In the months following the planning meetings, we developed a detailed description of the Music Connects Us program and a manual to describe musician training to deliver Music Connects Us. We developed these materials based on review and synthesis of our planning meeting notes and available Music for Life program documents, including a book describing features of the program from the perspective of musician participants [37] and unpublished documents provided to us by our Wigmore Hall partners (e.g., presentation slides). We then consulted with some of the musician members of our team by phone to address remaining questions. We provided the consultants with our questions, and summaries of Music Connects Us and the proposed musician training program, in advance of the phone call. All consultants were provided an honorarium for their time. We consulted with three program directors and musicians involved in the UK Music for Life program to add detail to the description of Music Connects Us and our proposed training approach, particularly in relation to the characteristics of musicians, and how they were selected and trained to deliver their program. We consulted with five musicians or program leaders from the Winspear Centre’s Edmonton Symphony Orchestra (ESO) to ask them questions about the clarity, logic and usefulness of the training program which we had developed. We revised the description and summary of the training program to clarify it based on their feedback.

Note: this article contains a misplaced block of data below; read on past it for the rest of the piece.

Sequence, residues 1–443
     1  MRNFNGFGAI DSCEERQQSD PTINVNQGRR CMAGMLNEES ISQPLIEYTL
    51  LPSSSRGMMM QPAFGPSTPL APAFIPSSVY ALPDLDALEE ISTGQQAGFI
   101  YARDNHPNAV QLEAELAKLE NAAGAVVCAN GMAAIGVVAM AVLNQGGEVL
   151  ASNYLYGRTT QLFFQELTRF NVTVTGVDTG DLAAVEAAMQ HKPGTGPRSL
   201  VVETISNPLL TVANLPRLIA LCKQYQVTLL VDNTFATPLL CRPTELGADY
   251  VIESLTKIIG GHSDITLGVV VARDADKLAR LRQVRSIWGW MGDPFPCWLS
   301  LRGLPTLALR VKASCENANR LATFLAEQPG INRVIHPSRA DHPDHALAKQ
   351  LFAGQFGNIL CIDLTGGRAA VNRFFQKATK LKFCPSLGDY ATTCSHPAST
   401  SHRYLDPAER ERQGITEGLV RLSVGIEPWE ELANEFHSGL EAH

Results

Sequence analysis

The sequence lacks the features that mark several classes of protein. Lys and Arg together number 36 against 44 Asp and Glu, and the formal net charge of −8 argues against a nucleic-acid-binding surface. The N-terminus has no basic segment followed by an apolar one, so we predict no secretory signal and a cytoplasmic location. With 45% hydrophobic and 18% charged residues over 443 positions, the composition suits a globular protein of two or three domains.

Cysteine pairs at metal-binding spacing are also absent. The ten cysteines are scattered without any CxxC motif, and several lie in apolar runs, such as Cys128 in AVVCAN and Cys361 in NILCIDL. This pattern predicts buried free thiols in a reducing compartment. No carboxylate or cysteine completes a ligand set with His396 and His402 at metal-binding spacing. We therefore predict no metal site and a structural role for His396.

3. Products of the Adaptation Process

In this section, we will describe the main product of the adaptation process, the description of the Music Connects Us program, followed by the key adaptations that were considered in developing this program to fit the context in Alberta, Canada.

3.1. Description of Our Adapted Program: Music Connects Us

3.1.1. Goal and Components